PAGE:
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Ledyard Students May See More Snow Days This Year

A weak El Nino could bring larger snowfall amounts this winter.

Ledyard Students May See More Snow Days This Year


Going back to school is looming for Ledyard and many nearby school districts later this month, but in the dog days of summer probably few people are thinking about the potential for school snow days this year.

But weather folks do and so to do the officials who set their annual school calendars each year. In Connecticut, public schools are required to have at least 180 instructional days each academic year and most districts include in their schedules several extra days in the event school has to be canceled because of snow.

Ledyard goes back to school on Aug. 29 and the calendar the Board of Education approved earlier this year includes 5 snow days, which would appear to be plenty given last winter's snowfall but, remember, the year before that was a whole different story.

which put the district in "the unenviable position of attempting to determine the best among several imperfect solutions for making up the missed days," wrote Superintendent of Schools Dr. Michael Graner on a .

Ledyard schools converted vacation days in February into instruction days and districts all around had to either reduce vacation days tack on days at the end of the school year. But, as if to make up for the injustice, southeastern Connecticut enjoyed a very mild winter in 2011-12 and few districts canceled a day of school because of snow.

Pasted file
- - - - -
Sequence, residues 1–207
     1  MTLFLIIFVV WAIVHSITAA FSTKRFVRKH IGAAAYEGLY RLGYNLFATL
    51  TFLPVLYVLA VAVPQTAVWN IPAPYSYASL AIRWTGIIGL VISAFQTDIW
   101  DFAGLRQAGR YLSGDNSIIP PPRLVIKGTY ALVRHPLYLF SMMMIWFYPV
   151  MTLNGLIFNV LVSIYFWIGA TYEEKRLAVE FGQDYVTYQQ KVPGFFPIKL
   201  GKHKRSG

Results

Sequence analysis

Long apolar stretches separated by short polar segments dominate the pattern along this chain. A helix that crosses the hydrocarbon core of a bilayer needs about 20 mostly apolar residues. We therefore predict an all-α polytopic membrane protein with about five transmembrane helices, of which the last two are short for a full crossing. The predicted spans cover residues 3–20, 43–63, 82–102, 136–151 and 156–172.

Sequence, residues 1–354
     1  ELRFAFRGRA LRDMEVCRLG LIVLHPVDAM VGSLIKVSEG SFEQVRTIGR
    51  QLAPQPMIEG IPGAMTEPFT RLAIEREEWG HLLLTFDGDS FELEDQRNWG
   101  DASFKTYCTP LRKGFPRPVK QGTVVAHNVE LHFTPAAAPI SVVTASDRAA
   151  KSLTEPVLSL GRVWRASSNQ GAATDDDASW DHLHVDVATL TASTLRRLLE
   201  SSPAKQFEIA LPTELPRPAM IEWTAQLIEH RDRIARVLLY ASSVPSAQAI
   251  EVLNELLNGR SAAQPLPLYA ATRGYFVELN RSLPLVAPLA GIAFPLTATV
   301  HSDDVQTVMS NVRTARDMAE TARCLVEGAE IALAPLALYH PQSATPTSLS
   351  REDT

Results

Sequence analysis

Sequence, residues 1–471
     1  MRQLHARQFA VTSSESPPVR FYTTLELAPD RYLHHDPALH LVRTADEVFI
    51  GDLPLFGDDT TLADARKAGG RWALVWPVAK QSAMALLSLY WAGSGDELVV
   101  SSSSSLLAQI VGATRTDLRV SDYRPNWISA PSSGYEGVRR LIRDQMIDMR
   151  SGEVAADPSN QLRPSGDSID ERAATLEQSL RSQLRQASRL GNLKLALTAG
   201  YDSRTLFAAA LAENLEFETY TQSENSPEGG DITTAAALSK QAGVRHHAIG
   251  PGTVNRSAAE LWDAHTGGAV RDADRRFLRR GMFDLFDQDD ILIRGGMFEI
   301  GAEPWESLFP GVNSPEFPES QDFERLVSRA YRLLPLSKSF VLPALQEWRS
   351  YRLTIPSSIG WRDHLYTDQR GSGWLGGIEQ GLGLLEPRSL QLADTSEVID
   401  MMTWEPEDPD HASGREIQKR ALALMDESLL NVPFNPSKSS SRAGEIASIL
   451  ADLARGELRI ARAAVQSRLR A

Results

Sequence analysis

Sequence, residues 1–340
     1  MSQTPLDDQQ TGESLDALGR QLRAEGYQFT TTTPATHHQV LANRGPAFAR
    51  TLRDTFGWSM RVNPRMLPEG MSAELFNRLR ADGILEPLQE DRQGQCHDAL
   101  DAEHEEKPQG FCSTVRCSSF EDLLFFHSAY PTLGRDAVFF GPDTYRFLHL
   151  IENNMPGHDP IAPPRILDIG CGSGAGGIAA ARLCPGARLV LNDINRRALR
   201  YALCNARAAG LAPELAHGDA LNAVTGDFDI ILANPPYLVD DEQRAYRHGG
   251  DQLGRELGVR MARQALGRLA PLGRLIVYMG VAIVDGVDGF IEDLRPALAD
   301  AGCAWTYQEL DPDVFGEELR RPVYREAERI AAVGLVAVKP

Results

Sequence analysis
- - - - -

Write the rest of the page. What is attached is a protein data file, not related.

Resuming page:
Meteorologists say they probably will this year.

Forecasters with AccuWeather.com are projecting a weak to moderate El Niño will begin to dominate weather patterns in the Northeast by late in the summer. A weak El Niño, warm tropical air masses that blow west to east, brings with it greater snowfalls in the winter.

If you’re a kid hoping for a school snow day, a weak El Niño is the answer to your prayers.

"Historically, both strong La Niñas and weak El Niños have produced higher-than-average snowfall in the Northeastern U.S.," said Jack Boston, a senior meteorologist with AccuWeather.com.

While there was little snowfall in the state last winter, Connecticut still saw enough disruptive weather to complicate school schedules during the academic year.

First, there was Tropical Storm Irene, which hit in late August last year, cutting power to about 800,000 across the state and forcing many school districts to delay the start of the school year, some by nearly a week.

Then, a freak October snowstorm that hit around Halloween again cut power to hundreds of thousands in Connecticut and forced school districts to close.  

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